But the casual sale of goods and services, including selling used personal items such as clothing, furniture, and other household items for a loss on eBay and other online marketplaces, could generate a Form 1099-K for many people, even when they have no tax liability from those sales.
The complexity in distinguishing between these types of transactions factored into the IRS decision to delay the reporting requirements an additional year and to implement a $5,000 threshold for 2024.
The IRS is also looking to update Form 1040 and related schedules for 2024 to make the reporting process easier for taxpayers.
Will the $600 1099-K reporting threshold really come into effect for 2025? Only time will tell, but many believe $600 is too low, and legislation has been introduced to increase it to $10,000.11
Lawmakers established the $600 threshold in 1954. If you adjust it for inflation, it would be $6,862 today.
Seven States Have Their Own 1099-K Reporting Rules
Seven states and the District of Columbia have already abandoned the federal $20,000/200-transaction threshold for 1099-K filing and imposed lower thresholds. In these states, a 1099-K must be sent to the state tax agency and the payee if the lower state threshold is met.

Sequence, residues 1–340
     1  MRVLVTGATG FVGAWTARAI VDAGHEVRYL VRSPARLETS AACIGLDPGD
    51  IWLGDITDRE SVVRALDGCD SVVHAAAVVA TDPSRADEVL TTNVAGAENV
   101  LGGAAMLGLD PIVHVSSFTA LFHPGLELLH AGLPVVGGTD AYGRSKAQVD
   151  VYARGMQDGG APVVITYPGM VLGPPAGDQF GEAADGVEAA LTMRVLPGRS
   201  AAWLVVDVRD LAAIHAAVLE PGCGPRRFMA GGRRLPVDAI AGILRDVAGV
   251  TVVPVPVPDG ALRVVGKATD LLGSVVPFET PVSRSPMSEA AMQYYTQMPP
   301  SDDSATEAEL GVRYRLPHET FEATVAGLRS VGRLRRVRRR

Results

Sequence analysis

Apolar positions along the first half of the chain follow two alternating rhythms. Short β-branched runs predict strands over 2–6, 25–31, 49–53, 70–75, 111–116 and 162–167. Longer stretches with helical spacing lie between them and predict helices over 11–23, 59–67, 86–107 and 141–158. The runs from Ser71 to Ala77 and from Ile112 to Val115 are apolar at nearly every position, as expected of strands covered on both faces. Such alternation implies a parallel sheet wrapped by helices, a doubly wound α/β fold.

District of Columbia
$1,000 and 4 or more transactions
The IRS postponed the implementation of the new 1099-K reporting rules for TPSOs such as PayPal, Venmo, and others, maintaining the current thresholds ($20,000 and 200 transactions) for the 2023 tax year.
Starting in 2024, these thresholds will be replaced with a $5,000 limit with no transaction count requirement, and for 2025 and beyond, a $600 threshold is planned with no transaction count.
The filing requirements for payments made by payment cards (credit, debit, gift cards) remain unchanged, with the 1099-K form being issued regardless of the dollar amount or number of transactions.
The IRS delayed the TPSO changes due to concerns over the potential influx of millions of new 1099-K forms, which could lead to confusion and errors among taxpayers and TPSOs. Additionally, differentiating personal payments from those for goods and services adds complexity, prompting the phased approach to lowering thresholds.
Seven states and the District of Columbia have diverged from federal thresholds, setting their own lower limits for 1099-K reporting.
There is ongoing debate over whether the $600 threshold set in 1954 and equivalent to $6,862 today, adjusted for inflation, is appropriate. Some federal lawmakers propose increasing it to $10,000, but that increase remains uncertain.
- IRS General Instructions for Certain Information Returns (2023), p. 27.
- IRC Sections 6050W(b); 6050W(c).
- IRC Section 6050W(e) (as originally enacted).
- Section 1.6041-1(a)(1)(iv).
- L. No. 117-2.
- IRC Section 6050W(e).
- IRS Notice 2023-74.
- IRC Section 7803(a)(2)(A).
- IRS Notice 2023-74, Section 3.
- IRC Section 6050W(c)(3).